I had an abortion 5 years ago at 23. I had taken a couple of pills from my monthly packet very late and had missed one entirely, but after relying on that particular method of contraception for years without incident I thought I would not need to worry. My next period was late so I took a pregnancy test, believing wholeheartedly that there was no way it could possible come back positive. It took 3 tests for me to finally realise that I was in fact pregnant and I knew instantly that I was not ready to be a mother. I discovered that I would need the approval of two doctors before I would be able to take control of the situation and that my reasons for wanting a termination had to fall within the acceptable motives outlined in the 1967 abortion act in order for the procedure to be legal. I did far too much research on the legislation surrounding abortion in the UK and scared myself half to death at the thought of a doctor turning me away if my circumstances were not dire enough. I made an appointment with my GP and spoke to her about my history with depression. I told her that having a child at this moment in time would put my mental health at risk, a factor I knew was listed in the Abortion Act. My GP gave her consent for me to have the termination and then informed me that a second doctor would need to speak to me before I could go ahead with the procedure. I had discovered I was pregnant at 2-3 weeks, the earliest possible time it could have been detected, but by the time I was actually able to schedule a date for the abortion, I was approaching 7 weeks.

I informed my manager that I was having the procedure, as I needed to take time off to do so, but also because I wanted her to know what I was going through in case I had seemed a little distracted at work. My manager then told me not to tell anyone in the workplace what I was doing, as there were sure to be differing opinions on it. She then informed me that I would need to take the time off for the procedure out of my annual leave as she did not consider it sick time. I explained to her that I would be undergoing and recovering from a medical procedure which my GP had referred me for, but her mind remained unchanged. It was only after speaking with my HR department that I was able to have my sick leave.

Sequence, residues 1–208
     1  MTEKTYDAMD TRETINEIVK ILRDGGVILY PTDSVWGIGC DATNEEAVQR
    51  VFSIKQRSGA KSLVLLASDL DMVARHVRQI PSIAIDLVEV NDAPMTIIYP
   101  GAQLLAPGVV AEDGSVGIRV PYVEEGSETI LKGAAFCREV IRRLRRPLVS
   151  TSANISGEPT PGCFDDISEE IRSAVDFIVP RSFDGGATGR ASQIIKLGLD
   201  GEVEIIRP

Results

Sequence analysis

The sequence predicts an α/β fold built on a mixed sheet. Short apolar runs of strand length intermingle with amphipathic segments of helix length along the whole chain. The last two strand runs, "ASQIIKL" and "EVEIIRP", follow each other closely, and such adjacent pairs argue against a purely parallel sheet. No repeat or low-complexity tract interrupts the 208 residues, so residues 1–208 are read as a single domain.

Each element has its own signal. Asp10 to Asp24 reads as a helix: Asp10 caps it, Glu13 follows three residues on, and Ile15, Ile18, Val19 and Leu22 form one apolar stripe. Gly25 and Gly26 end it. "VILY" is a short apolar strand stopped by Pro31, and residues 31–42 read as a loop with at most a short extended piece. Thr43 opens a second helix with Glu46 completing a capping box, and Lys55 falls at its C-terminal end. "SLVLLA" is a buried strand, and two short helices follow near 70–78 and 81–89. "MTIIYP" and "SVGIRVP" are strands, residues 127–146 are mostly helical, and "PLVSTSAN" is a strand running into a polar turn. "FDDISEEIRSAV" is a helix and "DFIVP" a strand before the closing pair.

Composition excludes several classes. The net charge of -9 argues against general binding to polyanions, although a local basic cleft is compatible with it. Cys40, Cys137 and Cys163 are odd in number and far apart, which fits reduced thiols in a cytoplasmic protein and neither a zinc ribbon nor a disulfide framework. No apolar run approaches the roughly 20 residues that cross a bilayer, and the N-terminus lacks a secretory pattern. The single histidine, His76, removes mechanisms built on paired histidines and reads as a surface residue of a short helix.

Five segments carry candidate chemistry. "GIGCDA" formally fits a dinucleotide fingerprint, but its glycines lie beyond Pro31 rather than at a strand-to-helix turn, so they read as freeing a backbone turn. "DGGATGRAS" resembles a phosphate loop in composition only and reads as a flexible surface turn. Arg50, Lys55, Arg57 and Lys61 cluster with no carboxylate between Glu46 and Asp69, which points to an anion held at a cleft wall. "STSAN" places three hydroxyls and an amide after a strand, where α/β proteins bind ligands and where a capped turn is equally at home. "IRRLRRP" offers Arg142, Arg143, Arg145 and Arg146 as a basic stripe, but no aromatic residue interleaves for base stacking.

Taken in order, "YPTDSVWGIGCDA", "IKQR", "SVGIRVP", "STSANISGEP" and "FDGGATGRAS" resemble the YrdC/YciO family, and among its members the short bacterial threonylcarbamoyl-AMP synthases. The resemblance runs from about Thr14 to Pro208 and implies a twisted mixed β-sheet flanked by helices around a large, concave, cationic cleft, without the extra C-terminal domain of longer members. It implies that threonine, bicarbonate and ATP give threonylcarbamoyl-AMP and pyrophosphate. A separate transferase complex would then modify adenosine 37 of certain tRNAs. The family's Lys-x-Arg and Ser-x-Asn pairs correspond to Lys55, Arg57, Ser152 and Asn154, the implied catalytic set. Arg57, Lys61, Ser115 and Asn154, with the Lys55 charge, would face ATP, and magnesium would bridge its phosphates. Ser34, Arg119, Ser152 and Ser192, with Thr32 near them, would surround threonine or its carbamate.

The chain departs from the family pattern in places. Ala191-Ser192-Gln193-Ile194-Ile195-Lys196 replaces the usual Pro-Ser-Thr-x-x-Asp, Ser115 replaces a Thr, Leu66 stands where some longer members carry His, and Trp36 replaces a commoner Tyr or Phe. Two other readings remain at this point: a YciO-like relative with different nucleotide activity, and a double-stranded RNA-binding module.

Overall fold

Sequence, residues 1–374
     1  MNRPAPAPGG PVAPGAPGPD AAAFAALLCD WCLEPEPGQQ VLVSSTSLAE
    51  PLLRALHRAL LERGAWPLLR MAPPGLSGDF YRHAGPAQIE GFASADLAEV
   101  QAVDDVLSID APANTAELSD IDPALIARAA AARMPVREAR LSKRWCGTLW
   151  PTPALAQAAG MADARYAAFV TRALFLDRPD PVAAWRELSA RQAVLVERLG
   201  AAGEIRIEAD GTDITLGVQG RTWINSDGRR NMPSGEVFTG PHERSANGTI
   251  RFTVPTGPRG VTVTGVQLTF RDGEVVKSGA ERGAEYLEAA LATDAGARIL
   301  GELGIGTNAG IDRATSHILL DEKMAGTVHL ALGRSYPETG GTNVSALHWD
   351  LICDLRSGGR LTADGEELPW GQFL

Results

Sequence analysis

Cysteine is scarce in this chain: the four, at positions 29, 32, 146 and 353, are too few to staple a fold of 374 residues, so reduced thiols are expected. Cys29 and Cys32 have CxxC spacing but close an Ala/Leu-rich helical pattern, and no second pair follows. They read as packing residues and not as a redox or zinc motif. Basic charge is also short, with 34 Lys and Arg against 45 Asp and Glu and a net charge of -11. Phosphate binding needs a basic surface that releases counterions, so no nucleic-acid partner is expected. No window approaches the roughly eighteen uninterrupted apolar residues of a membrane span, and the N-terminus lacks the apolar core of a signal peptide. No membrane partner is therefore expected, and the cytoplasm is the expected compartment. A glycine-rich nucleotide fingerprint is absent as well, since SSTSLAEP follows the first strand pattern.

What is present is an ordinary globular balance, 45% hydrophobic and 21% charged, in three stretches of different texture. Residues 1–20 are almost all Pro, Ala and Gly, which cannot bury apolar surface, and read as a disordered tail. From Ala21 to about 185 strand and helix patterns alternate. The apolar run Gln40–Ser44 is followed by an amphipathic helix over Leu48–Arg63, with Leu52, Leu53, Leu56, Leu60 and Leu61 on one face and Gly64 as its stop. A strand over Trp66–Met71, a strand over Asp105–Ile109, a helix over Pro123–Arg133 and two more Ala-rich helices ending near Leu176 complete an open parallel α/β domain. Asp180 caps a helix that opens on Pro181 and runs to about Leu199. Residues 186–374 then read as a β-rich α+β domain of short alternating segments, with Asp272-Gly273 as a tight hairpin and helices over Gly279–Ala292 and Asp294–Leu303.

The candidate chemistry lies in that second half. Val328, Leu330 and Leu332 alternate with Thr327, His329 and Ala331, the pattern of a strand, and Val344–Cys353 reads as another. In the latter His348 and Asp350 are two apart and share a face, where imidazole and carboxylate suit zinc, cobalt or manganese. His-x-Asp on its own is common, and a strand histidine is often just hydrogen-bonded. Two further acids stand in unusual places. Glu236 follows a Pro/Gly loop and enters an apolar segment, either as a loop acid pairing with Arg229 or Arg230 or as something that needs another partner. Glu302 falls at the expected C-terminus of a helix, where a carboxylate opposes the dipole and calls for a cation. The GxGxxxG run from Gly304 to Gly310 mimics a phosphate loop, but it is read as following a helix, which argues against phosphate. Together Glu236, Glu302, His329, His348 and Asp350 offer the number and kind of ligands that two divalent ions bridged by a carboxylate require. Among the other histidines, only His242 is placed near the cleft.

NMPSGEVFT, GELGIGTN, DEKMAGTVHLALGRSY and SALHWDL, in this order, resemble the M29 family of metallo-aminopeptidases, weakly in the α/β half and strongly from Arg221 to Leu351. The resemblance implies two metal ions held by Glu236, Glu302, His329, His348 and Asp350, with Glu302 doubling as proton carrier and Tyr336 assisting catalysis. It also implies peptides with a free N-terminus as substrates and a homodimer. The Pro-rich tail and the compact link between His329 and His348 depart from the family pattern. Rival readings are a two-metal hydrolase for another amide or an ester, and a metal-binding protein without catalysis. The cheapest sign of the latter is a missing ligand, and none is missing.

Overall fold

I opted for a surgical procedure, as I did not want to risk the medical pill failing. I went to a clinic in my hometown and I sometimes get quite emotional which I think about the staff there and how much they helped me. I felt respected, listened to completely free from the judgement and unwanted opinion that had blighted the past couple of months for me. The relief as I left that clinic was overwhelming. 5 years later I have become a pro-choice advocate, participating in various forms of activism to decriminalise abortion across the UK. My experiences opened my eyes to a struggle for reproductive rights that I was previously unaware of. I feel passionately that the right to control my own body is fundamental to my humanity, and that must translate into legislation.

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